And then at the end of the year, you have to say goodbye. You might see them around again next year, but chances are, they won’t really remember much about you after a little while.  I certainly remember very little of my preschool teachers, and I know that the students are so young that they will forget most of what has happened this year, even though it is the foundation for what they will learn for the rest of their lives.

I am not returning to teach kindergarten again next year, and I’m glad of it. It’s not what I want to do professionally, but I also can’t really imagine starting over another year with new students. I can’t really imagine going through that same process again, especially because I remember that at the beginning of the year (and even several months in), I felt like some of them were so hard for me to love, but now feel so attached to them.  One thing is for sure: when I have my own kids, I’m not letting them leave they house until they’re thirty.

My Own Report Card

I just gave out report cards to my students to track their progress in their first semester of school.  I don’t think anyone is going to give me a grade on what I’ve learned this fall and on my adjustment to post-college life, but I wrote notes for a final essay anyway.  Here is what I have learned in the first semester of my freshman year of life.

  • Everything costs money (except walking).  This is a lot less of a problem if you are getting a regular paycheck.
  • Working 40+ hours a week is really tiring – but it makes you truly appreciate the weekends.
  • Staying healthy takes time (time to exercise, rest, form positive social groups, and buy, chop, wash, and cook vegetables)
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    These flowers are healthy.

  • I looooove to cook.  I like using seasonal vegetables, I like making up recipes, and I like baking bread.  I don’t, however, like following recipes or instructions.
  • I am Christian.  I was a bit confused about what I believed throughout college, so it’s nice to have figured this out.
  • It is really nice to have Christian coworkers because you never have to defend your beliefs.  However, I think it is also nice to have friends of other religions.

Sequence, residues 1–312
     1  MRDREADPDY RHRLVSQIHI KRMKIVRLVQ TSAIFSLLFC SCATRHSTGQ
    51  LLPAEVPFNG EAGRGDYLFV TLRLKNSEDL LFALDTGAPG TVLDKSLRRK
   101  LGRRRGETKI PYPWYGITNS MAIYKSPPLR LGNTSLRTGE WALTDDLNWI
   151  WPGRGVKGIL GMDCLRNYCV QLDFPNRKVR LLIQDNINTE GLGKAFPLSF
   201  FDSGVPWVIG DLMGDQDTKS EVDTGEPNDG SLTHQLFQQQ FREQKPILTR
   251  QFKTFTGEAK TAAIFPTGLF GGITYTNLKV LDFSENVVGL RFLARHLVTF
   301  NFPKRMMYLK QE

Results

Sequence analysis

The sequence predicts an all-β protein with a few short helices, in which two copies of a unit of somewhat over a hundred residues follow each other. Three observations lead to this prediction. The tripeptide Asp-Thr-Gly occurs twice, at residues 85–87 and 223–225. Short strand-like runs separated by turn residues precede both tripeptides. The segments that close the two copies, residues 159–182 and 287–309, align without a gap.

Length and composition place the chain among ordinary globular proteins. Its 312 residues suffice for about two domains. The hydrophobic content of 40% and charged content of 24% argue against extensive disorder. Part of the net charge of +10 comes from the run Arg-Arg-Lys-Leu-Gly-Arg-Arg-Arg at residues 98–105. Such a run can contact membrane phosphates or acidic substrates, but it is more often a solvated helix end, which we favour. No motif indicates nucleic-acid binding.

• I love learning languages.  I think Standard Arabic is one of the most beautiful languages, and I also really like speaking French.
  • My sister is really cool.  I also knew that already, but in this past year we’ve had really good trips to visit each other abroad.
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We also take super cool pictures of ourselves.

    • I’m really thankful to have a roommate.  I like being alone sometimes, but I much prefer to be alone together.
    • I really like to run, and feel a lot better about everything after running.  I already knew this, but the fact that I’ve been able to continue to run regularly has been wonderful.
    • I need to complain more.  My roommate complained to anyone who would listen about how cold our apartment is, and someone anonymously gave her a huge comforter.  I, however, continued to suffer silently.
    • I’m never going to be an amazing singer, even though I do enjoy singing.  That’s okay, I guess.
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    Who wouldn’t want to be able to sing like these guys? They’re certainly enjoying it.

  • I like listening to stories from my students, whether they are adults or kindergarteners.  I don’t really like disciplining them though, so I think I am best suited to working with small groups.
  • I really like Morocco.  I like my friends here, I like the tram, I like my church, I like the ocean, I like the stores on my street, I like the architecture, and I like avocado juice.  I am very happy living here and do not want to leave, at least for a while.
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    Waiting for the tram isn’t so bad when it’s this sunny.

In three more days I’ll be on winter break, and in only one my mom will arrive!  I’ve got to rest up so that I’m ready for the second semester of my freshman year of life.

A Day in the Life

Perhaps after several weeks or months of reading my blog, you are beginning to want a more exact picture of my fabulous expat life. So here’s my daily schedule, and you can decide for yourself how fabulous you think it is.

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If we can go diving without water, do you think we could be fabulous without being expats?